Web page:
4. How would you describe the differences between IT and law?
I think that in an abstract sense both professions are more similar than different. Both have two aspects: one of them everyone is familiar with – problem solving when things go wrong. The second of them is when things need to get built and IT and law act to support and facilitate the building (eg, if you start up a business, you’ll need someone to provide you with the IT gear to manage it, and a lawyer to draft up the lease agreements and so on). The problem with IT is that it’s often a thankless profession. There’s never really a good reason for why things go wrong, even if it’s the user that stuffs things up (“you should have built it simpler!”). People get irate and for some reason take it out on IT. When you do fix things up because it’s fixing something that shouldn’t have gone wrong in the first place, “you can sod off back to your call centre now so I can get on with my work”. It’s trite but true that when IT is doing their job well, they are invisible. So much for job satisfaction. On the other hand, the other aspect of IT, the creative, building side of things, is fun but there doesn’t seem to be much of that around since the Dot Com Bust, and the Australian IT industry was never very entrepreneurial in that sense anyway.
Law is about problem solving as well, but because the problems/issues are often client-caused and involve a third party, you don’t start off on a bad footing with them – the “opposition” is the third party. And in many cases, there is no opposition – you’re simply facilitating a business deal, helping someone to write their will, or so on.
Apart from that, I don’t think they are all that different.
5. What are the most important things your parents have taught you?
Typically Asian, the first is the importance of education, and atypically Asian, the second is to do what I enjoy. Regarding the first, I don’t think education is important because of what you learn in 3-unit maths or at univeristy, or that piece of paper you get at the end of it all. You can be successful in life with neither. I think education is important because of the people you meet during it, which really broadens your worldview, and the opportunities that arise through it.
Regarding the second, it’s a simple concept, I’ve written about it before. I tutor a couple of first-year law students and in the first tutoring session, I asked them why they chose law. “Because I didn’t get the marks to get into med.” Ok, but why law? “Because I got the marks to get into law.” For people that intelligent, you’d think their reasoning would be a little more well-thought out. I was lucky in having the freedom to choose a course that I thought would be interesting, yet I know that for lots of other people, their parents would have made it unthinkable to select a course whose entrance cutoff was 6% lower than the UAI they received. In the end, I figured out for myself that IT perhaps wasn’t what I wanted, but I wouldn’t have chosen differently even if I could do it all again, because I was able to make the choice for myself. My parents gave me advice, but didn’t choose for me.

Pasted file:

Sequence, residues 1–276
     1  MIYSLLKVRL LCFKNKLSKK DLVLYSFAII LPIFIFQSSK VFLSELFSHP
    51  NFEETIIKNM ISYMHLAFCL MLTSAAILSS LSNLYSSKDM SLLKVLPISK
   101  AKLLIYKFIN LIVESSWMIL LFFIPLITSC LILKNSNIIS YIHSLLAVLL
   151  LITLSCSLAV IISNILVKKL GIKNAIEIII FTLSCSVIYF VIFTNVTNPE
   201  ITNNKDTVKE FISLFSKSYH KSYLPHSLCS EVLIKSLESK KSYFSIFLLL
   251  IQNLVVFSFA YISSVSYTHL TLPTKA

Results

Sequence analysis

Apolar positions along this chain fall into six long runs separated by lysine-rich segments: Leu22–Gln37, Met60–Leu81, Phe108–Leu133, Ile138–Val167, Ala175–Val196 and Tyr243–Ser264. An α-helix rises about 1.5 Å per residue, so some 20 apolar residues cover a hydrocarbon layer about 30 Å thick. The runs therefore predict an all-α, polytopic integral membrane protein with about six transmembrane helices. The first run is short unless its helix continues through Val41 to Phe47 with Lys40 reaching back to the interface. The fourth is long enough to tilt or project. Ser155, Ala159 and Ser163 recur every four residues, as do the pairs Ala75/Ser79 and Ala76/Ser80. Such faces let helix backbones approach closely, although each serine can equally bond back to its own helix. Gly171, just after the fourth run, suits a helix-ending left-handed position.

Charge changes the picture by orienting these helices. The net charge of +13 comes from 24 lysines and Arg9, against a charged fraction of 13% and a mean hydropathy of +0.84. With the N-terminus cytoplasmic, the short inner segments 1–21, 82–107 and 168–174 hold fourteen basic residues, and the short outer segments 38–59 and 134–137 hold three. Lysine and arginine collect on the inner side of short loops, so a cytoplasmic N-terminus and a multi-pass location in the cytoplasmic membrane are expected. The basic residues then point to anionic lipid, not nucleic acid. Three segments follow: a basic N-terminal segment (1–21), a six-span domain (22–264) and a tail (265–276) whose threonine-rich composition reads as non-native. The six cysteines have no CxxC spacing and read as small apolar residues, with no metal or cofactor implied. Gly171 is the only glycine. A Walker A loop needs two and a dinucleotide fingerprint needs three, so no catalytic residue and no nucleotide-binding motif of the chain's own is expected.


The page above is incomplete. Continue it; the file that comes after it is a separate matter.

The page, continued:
Seriously, the 12″ PowerBook G4 is excellent. It’s quite dense and heavy for its size, but it packs so much functionality in there that I don’t mind. The only gripes I have with its UI is the lack of a maximise button, and I still think the Windows start bar is better then the Dock. Window management in Windows is much better than in MacOS. I think it’s stupid how they only have one button for the trackpad. Their lack of easily accessible Page Up/Page Down buttons is also annoying and I had to remap the totally useless “enter” key next to the space bar to something more useful. Apart from that, it took me about two days to get comfortable with the idiosyncracies of MacOS and now navigating around is a breeze. The battery life is about 4 hours if you don’t run anything involving video.
It runs WoW pretty smoothly as well. There is nothing like hooking up to an online world from the comfort of a sofa without any wires in sight. When my exams finished, I went into my flatmate’s room where he was studying. I plonked myself on his bed and sat there playing WoW. He turned around.
“What are you doing lah??”
“What?! You bastard, lemme see?” He ran over. “That’s so cool man. Chee bai… now get the fuck out of my room.”
Watch your step, there may be lots of broken stuff about while I fix things up.
The Corps Act is kicking my ass, and travel planning is very distracting. Proper updates will resume when the stress levels subside.